Jemez Off Reservation Casino Dealt a Major Blow by Interior Department Ruling

Assistant Secretary of the Interior for Indian Affairs Larry Echo Hawk today issued decisions on four tribal gaming applications in California and New Mexico, determining that two of the proposed gaming sites meet the legal and regulatory requirements and two do not. “Our responsibility under the Indian Gaming Regulatory Act is clear: we must review each application on a case by case basis and determine whether it meets the standards outlined in law and regulation,” said Echo Hawk. The Assistant Secretary issued a negative decision on other tribal gaming applications for the Pueblo of Jemez, in New Mexico. The Pueblo of Jemez is located northwest of Albuquerque, and was seeking to develop a class III gaming facility nearly 300 miles away in Doña Ana County, near the New Mexico-Texas border.
Larry Echo Hawk
Hawk said the department had "closely reviewed the proposal" from the Pueblo of Jemez and determined that it "does not meet the requirements under the law necessary for approval. With the Pueblo of Jemez, we had significant concerns about the Tribe’s ability to effectively exercise jurisdiction over a parcel nearly 300 miles from its existing reservation.” The Pueblo of Jemez was seeking to develop its gaming facility under the Secretarial Determination exception. The Department did not issue a determination on whether the proposed gaming facility would be in the best interest of the Tribe, and not detrimental to the surrounding community. Instead, the Department notified the Tribe that it would not acquire the land in trust because of concerns about the Tribe’s ability to effectively exercise jurisdiction on the proposed gaming site.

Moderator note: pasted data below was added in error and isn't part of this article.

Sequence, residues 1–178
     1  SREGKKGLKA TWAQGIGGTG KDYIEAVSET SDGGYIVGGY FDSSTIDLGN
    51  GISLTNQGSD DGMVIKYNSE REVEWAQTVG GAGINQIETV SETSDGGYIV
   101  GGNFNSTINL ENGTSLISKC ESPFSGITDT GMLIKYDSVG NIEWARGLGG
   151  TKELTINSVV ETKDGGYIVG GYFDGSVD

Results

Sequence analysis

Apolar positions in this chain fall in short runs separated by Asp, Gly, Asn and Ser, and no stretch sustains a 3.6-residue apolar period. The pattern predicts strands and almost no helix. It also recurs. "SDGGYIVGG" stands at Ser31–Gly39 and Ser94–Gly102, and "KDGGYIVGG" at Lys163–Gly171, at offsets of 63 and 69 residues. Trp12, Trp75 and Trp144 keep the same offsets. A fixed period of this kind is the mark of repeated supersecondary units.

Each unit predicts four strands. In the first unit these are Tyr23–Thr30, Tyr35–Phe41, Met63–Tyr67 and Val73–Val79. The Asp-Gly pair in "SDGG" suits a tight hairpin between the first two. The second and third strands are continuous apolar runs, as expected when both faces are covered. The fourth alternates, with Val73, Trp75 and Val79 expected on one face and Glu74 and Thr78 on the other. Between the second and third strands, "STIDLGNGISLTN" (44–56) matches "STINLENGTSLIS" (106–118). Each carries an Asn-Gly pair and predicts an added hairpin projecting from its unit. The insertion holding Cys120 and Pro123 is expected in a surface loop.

Emails Show Senior Obama Officials Snagged in Fast and Furious Scandal

Eric Holder
Daily Caller - The heated Congressional investigation into the botched Bureau of Alcohol, Tobacco, Firearms and Explosives program Operation Fast and Furious reached a whole new level on Friday. New emails obtained by the Los Angeles Times appear to show senior Obama administration and White House officials were briefed on the gun-walking operation. The three White House officials implicated by the LA Times’ reporting are Kevin M. O’Reilly, the director of North American Affairs for the White House national security staff; Dan Restrepo, the president’s senior Latin American advisor; and Greg Gatjanis, a White House national security official. The emails were sent between July 2010 and February 2011, before the scandalous ATF program was exposed, according the LA Times.
Brian Terry
The LA Times says a senior administration official denies that the emails which lead Fast and Furious ATF agent Brian Newell sent to O’Reilly — who later briefed Restrepo and Gatjanis –included details on “investigative tactics” used in the program. By “investigative tactics,” the White House means how ATF agents facilitated the sale of firearms to drug cartels via “straw purchasers,” or people who could legally buy guns in the U.S. but did so with the intention of selling them to individuals who would traffic them to Mexico. Those emails apparently show Newell and O’Reilly discussing how the program was affecting Mexico. Another explosive new detail that emerged on Thursday was a set of documents showing senior officials in Phoenix attempting to cover up a connection between Fast and Furious weapons and U.S. Border Patrol agent Brian Terry’s death.